Our Omega Mu brothers who served in the military are cherished and constant fraternal friends, and we would like to say thank you for the steadfast, purposeful commitment you made to our nation to defend those four freedoms we all believe in: “Freedom of speech, freedom of worship, freedom from want, and freedom from fear.” For those brothers who were killed in defense of these freedoms, they will always occupy a consecrated place in our linked fraternal heart because they exemplify the idea of superlative commitment, strength, and fortitude for the good to the end itself. The greatness of their collective purpose and will, on our nation’s behalf, will never be forgotten. By their “clear-eyed faith and fearless heart,” these brothers have left us a fraternal legacy that echoes what we often say about Omega Mu Fijis: “Perseverance and determination are omnipotent.” Their code of integrity, courage, duty, responsibility, and self-sacrifice on behalf of our nation is a powerful legacy that we will always be proud of as Omega Mu Fijis.
Whether it was at New Orleans, Red River, Fort Blakely, Marianna, San Juan Hill, Santiago de Cuba, Chateau-Thierry, Verdun, El Guettar, Elba, Monte Della Vedetta, the Battle of the Bulge, Rabaul, Inchon, Pusan, Chosin Reservoir, Pork Chop Hill, Hue, Easter Offensive, Phu Cat, The Iron Triangle, Hamburger Hill, la Drang Valley, Bien Hoa, Khe Sanh, Rumaila, Al-Batin, Medina Ridge, Kabul, Kandahar, our Omega Mu brothers have demonstrated devotion to duty in defense of freedom and liberty. They are the stability of our nation, and we, the Omega Mu brotherhood, revere, honor, and salute their persevering and determined spirit within our great nation and our historic brotherhood. We will always honor the heroism of all of our brothers who have served in the armed forces from the Civil War to the present. Thank you.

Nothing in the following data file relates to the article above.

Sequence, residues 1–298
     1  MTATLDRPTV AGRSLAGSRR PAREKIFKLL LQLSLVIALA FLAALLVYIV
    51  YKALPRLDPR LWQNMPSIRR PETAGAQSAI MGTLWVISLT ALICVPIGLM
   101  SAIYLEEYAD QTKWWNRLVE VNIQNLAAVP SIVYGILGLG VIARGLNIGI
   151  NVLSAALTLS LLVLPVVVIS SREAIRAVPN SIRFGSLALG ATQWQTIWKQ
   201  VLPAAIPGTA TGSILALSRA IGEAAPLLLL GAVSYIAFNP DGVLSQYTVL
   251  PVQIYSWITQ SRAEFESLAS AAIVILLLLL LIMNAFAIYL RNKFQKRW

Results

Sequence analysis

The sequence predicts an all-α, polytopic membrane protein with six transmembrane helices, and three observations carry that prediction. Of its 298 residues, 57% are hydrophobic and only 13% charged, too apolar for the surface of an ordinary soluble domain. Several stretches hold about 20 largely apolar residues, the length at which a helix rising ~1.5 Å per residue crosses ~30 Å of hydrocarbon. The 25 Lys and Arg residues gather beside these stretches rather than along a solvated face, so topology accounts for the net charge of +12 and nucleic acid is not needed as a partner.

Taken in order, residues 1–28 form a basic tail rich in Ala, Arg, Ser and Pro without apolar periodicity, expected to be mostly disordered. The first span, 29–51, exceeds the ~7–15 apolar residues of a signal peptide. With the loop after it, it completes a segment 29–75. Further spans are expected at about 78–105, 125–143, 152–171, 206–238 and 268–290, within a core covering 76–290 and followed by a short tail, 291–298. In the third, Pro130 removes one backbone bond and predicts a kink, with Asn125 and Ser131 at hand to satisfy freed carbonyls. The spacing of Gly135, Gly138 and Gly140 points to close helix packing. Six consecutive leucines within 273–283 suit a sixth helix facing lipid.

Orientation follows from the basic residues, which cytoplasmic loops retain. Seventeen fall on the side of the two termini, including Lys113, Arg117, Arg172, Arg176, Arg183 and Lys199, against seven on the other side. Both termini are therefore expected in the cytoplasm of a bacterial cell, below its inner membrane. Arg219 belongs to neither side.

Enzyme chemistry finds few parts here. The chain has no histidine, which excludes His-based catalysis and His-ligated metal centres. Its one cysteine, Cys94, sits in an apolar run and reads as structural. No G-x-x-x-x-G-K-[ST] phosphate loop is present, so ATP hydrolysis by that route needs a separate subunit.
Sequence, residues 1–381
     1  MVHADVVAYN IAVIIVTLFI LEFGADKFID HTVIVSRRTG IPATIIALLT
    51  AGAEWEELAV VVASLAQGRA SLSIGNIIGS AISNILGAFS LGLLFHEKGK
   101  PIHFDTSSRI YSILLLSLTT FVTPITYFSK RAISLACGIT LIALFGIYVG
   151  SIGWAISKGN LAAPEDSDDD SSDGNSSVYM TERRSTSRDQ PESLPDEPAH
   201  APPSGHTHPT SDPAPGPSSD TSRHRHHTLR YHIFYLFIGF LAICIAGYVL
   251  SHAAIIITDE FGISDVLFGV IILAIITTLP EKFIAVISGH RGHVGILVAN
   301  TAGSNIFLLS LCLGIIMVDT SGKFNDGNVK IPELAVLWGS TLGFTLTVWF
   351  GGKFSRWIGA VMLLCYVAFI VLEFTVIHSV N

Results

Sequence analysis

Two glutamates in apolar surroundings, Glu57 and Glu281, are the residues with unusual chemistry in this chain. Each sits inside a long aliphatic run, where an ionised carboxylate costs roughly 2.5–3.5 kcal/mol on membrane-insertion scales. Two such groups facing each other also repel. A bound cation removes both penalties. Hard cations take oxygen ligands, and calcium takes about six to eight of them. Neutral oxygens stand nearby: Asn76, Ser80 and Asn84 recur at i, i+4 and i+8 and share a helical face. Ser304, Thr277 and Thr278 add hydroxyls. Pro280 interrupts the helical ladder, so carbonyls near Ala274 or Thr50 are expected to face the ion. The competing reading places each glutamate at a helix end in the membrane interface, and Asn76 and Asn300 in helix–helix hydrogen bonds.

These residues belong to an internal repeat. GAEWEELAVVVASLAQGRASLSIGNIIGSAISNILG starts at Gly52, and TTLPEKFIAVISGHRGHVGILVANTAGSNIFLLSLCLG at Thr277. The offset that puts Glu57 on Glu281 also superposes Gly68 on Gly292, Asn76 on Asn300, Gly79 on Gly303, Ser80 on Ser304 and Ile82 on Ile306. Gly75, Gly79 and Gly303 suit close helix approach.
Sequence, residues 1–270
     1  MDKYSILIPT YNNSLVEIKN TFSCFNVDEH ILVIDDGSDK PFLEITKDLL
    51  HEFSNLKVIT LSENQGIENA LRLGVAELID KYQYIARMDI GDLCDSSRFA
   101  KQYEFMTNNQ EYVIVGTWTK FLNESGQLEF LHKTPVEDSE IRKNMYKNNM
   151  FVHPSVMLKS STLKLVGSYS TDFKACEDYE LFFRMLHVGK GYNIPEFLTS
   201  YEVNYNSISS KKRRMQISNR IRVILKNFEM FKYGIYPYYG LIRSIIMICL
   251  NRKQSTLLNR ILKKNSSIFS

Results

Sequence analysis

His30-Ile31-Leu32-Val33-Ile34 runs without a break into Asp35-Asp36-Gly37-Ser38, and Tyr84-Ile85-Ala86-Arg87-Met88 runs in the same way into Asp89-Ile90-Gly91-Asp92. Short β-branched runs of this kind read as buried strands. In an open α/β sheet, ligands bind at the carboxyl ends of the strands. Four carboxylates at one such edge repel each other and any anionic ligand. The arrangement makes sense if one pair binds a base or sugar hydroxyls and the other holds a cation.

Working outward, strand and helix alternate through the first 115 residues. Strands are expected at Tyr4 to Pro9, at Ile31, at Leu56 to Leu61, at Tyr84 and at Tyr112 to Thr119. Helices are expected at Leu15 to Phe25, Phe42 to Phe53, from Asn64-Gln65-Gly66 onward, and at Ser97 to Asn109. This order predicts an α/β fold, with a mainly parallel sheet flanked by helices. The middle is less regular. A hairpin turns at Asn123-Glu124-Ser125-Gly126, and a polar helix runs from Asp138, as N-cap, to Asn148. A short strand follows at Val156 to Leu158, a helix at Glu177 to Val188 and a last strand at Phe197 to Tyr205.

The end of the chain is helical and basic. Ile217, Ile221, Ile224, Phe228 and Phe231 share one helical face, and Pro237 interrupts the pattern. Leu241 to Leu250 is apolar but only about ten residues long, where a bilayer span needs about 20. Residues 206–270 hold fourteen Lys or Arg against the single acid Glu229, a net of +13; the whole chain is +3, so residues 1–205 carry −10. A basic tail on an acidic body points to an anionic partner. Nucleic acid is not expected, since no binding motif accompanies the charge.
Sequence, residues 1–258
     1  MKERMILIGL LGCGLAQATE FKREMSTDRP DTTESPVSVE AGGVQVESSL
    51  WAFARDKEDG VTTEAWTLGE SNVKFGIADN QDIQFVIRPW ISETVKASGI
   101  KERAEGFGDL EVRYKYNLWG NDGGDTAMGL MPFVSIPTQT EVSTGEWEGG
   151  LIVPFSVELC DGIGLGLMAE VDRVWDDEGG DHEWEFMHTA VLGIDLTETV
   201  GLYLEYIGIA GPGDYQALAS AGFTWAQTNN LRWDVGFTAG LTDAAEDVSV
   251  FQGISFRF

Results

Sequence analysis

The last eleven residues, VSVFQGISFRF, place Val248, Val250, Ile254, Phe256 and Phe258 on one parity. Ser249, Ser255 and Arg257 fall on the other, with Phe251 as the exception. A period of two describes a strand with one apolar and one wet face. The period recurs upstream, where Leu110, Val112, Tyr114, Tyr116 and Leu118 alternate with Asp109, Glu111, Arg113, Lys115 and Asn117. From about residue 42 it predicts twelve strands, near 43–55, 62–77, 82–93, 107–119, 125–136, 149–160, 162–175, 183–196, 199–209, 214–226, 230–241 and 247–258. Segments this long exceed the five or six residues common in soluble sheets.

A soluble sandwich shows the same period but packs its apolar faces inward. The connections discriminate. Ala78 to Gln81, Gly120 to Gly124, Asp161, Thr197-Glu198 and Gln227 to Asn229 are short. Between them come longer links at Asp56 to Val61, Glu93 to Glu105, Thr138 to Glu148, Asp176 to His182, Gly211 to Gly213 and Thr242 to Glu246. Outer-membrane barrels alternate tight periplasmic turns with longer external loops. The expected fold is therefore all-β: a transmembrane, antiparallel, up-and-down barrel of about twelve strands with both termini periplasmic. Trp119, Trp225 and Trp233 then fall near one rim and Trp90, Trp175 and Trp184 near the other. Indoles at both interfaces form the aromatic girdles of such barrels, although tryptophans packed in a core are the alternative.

Omega Mu Veteran
Charles C. Otterstedt,
Omega Mu Years
Charles C. Otterstedt is seated in the front row, third brother in from the left.
Charles Otterstedt had a 7-1 record his junior year.
Captain of the baseball team his senior year.
Charles C. Otterstedt is leaning on the car wearing the check shirt.
Charles C. Otterstedt served in the United States Army for 31 years in the Medical Service Corps, and he retired a colonel.
Charles C. Otterstedt Medical Platoon Leader, 325th Battle Group, 82nd Airborne Adjutant,
Company Commander, Battalion Commander, 326th Medical Company, 101st Airborne.
Battalion Commander 25th Infantry Division in Vietnam.
The headquarters for the 25th Infantry Division was
in Cu Chi, Vietnam.
Battalion Commander 25th Infantry Division, Vietnam.
The headquarters for the 25th Infantry Division was in Cu Chi, Vietnam, famous for the extensive tunnels that the vietcong dug.
Charles C. Otterstedt served in the Office of the
Surgeon General in Washington, D.C.
He was awarded the Purple Heart, Legion of Merit, two Bronze Stars for valor, the Soldiers Medal for Heroism, the Army Commendation Ribbon for Valor, and three Air Medals during his tour with the 25th Infantry Division.
“What if the space be long and wide,
That parts us from our brother’s side
A soul-joined chain unites our band,
And memory links us hand in hand.”
(Phi Gamma Delta fraternity song)
Chip Chapman, ’82